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Where and When to Purchase Individual Health Insurance

Written by: PeopleKeep Team
July 7, 2016 at 3:00 PM

For those purchasing individual health insurance for the first time, the transition Where and When to Purchase Individual Health Insurancemay seem daunting. Fortunately, the process is not too complicated. This guide provides helpful information on where and when to buy individual health insurance as well as information on factors that could influence a person’s decision to buy a Marketplace or non-Marketplace plan.

Where to Purchase Individual Health Insurance

A handful of options exist for those seeking to buy individual health insurance. First, plans are available through the Affordable Care Act (ACA) Marketplaces online. A number of states and the District of Columbia have their own Marketplace websites; for those residing in the remaining states, applications for an individual plan can be made through HealthCare.gov.

The second option is to purchase a plan directly from an insurance company. An individual may contact any health insurance company and inquire about plans that are available in the area. HealthCare.gov has a plan finder to help individuals find private coverage outside of the Marketplace.

Third, individual healthcare insurance can be purchased through a broker or agent. While a broker will sell plans from a variety of health insurance companies, an agent typically works on behalf of just one company. A person does not need to pay extra fees to use the services of an agent or broker, and either one can assist by comparing plans and processing the enrollment.

Finally, one could also purchase individual health insurance from online sellers, such as HealthSherpa. These sites can help with plan comparisons and enrollment with the insurance company.

When to Purchase Individual Health Insurance

Insurance that qualifies for the minimum essential coverage under the ACA cannot be purchased year-round. Instead, one can only buy individual health insurance during an open enrollment period or if there is a qualifying life event or change in employment. Because all private insurers have adopted the ACA’s open enrollment period, this limitation applies regardless of whether the individual insurance is purchased on or off Marketplace. The open enrollment period for this year ended on January 31, 2016, and open enrollment for 2017 will run from November 1, 2016 through January 31, 2017.

Special enrollment periods apply in certain situations. For example, Native Americans are permitted to enroll at any time, as are persons who qualify for Medicaid. An individual may also qualify for a special enrollment period if he or she has experienced a qualifying event such as marriage, divorce, a change in citizenship status, or a change in the number of dependents.

If open enrollment has passed, short-term plans can be found outside of the Marketplace. However, these will not count as minimum essential coverage under the ACA, and the fee for being uninsured must still be paid.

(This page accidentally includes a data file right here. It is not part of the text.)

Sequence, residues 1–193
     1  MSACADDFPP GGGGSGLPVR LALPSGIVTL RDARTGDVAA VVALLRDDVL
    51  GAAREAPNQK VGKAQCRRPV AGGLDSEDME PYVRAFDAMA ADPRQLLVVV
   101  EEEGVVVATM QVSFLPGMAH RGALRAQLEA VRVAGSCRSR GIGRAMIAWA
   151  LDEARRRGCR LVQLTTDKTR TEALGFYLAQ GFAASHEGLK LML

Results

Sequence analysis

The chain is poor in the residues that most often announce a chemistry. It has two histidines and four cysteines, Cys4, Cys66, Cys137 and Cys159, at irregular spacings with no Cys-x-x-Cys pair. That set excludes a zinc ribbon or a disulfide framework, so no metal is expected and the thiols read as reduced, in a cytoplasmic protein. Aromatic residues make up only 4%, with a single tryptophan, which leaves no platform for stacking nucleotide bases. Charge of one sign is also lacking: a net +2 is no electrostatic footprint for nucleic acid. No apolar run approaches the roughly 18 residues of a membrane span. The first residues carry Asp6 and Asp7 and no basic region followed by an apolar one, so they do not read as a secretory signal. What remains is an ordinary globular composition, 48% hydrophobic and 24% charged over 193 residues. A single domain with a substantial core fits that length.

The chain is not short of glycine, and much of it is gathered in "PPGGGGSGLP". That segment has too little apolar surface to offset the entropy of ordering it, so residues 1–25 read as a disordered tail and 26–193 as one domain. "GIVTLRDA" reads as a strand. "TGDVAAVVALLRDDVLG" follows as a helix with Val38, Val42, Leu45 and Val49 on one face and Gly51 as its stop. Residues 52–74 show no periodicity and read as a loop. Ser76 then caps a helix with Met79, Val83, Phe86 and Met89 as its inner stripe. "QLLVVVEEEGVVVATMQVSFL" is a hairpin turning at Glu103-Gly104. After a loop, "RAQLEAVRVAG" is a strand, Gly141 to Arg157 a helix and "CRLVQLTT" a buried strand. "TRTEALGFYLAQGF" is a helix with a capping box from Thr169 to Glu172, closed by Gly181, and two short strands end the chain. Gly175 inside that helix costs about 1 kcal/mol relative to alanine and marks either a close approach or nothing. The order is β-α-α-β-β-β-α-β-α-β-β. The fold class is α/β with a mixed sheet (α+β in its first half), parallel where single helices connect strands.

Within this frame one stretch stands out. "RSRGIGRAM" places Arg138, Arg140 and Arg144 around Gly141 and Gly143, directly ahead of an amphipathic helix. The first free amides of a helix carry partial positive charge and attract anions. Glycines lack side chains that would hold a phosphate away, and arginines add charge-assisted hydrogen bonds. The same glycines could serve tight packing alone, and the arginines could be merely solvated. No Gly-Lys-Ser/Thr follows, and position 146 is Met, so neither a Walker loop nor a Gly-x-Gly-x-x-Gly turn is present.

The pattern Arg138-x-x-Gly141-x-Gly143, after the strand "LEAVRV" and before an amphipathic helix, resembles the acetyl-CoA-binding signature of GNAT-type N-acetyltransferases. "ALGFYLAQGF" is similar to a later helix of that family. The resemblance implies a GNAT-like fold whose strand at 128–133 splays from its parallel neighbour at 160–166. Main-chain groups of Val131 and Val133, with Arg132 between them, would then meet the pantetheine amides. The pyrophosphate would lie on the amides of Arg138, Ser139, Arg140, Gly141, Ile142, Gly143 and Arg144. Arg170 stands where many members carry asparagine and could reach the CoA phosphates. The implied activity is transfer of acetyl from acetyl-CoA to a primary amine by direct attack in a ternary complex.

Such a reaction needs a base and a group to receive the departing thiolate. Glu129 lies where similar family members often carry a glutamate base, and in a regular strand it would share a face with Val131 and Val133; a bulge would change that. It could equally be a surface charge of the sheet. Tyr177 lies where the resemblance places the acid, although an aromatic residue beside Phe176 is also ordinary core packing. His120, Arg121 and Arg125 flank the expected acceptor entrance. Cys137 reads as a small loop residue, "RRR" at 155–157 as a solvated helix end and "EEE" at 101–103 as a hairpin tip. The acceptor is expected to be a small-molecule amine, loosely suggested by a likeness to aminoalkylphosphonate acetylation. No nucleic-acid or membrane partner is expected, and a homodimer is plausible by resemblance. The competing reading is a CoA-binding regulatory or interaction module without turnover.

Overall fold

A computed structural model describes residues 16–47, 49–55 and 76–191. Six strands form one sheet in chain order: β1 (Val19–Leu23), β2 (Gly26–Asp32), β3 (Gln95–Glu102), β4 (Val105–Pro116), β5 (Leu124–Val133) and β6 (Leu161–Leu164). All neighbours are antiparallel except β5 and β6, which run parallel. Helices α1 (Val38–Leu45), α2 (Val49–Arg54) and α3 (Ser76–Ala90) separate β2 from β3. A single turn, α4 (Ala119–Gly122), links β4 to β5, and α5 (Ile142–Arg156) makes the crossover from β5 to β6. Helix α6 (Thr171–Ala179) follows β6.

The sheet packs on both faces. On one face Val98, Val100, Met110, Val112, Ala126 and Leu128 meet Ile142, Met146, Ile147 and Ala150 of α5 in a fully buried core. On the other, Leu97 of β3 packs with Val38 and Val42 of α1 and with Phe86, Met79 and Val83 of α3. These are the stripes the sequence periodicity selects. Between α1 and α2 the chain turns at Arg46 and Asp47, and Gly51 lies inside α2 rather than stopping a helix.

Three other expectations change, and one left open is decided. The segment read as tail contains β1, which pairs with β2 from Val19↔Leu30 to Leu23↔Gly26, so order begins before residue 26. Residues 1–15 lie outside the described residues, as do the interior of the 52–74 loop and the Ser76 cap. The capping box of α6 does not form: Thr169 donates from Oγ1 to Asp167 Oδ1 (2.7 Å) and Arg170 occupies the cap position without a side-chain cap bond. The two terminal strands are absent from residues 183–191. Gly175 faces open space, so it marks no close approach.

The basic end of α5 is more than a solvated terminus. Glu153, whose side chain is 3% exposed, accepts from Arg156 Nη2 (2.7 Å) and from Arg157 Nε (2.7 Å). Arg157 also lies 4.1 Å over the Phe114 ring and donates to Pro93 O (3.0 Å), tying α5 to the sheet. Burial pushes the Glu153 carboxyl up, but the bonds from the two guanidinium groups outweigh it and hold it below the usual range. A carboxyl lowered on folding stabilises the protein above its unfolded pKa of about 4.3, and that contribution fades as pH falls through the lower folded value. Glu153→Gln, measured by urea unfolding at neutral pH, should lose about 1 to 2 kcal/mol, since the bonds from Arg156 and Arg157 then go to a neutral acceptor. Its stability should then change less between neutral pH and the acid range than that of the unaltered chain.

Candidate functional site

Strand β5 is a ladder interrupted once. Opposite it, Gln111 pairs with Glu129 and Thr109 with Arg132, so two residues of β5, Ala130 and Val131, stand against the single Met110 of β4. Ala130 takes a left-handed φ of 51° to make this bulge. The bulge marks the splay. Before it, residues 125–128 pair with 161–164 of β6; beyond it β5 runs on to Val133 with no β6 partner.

Differences Between Marketplace and Off-Marketplace Plans

First, all qualified Marketplace and off-Marketplace plans cover the same basic benefits, count as minimum essential coverage, and offer identical rights and consumer protections. The chief differences between Marketplace and non-Marketplace individual plans lie in the cost and in the benefits offered above the minimum requirements.

Only Marketplace individual health insurance plans offer cost assistance through tax credits, subsidies, Medicaid, or the Children’s Health Insurance Program (CHIP), so getting an individual insurance plan from the Marketplace is generally the best choice if a person qualifies for assistance. Even if an individual is only eligible for a small amount of cost assistance, a Marketplace plan typically remains preferable because any given unsubsidized plan is still more costly than the most expensive subsidized plan.

If a person’s income is above $46,680 annually, it makes sense to shop around on and off of the Marketplace. This is because the cost of insurance includes more than just the monthly premium (for example – copayments, deductibles, etc.), and if an individual intends to use a lot of healthcare services in the upcoming year, it's wise to shop around for the best terms and conditions. Shopping outside the Marketplace will also provide a wider variety of plans. No agent or broker will have access to every plan available in each region, so those who wish to shop around will need to reach out to various sources to get a thorough view of the options.


Purchasing individual health insurance does not have to be complicated – one only needs to begin the process of enrollment by going online or contacting an agent or broker. The choice to purchase a plan on the Marketplace mostly depends upon whether a person qualifies for cost assistance. If one can receive even a small subsidy, it will usually be more financially beneficial to buy a plan on the Marketplace.

What questions do you have about purchasing individual health insurance? Leave a comment below!

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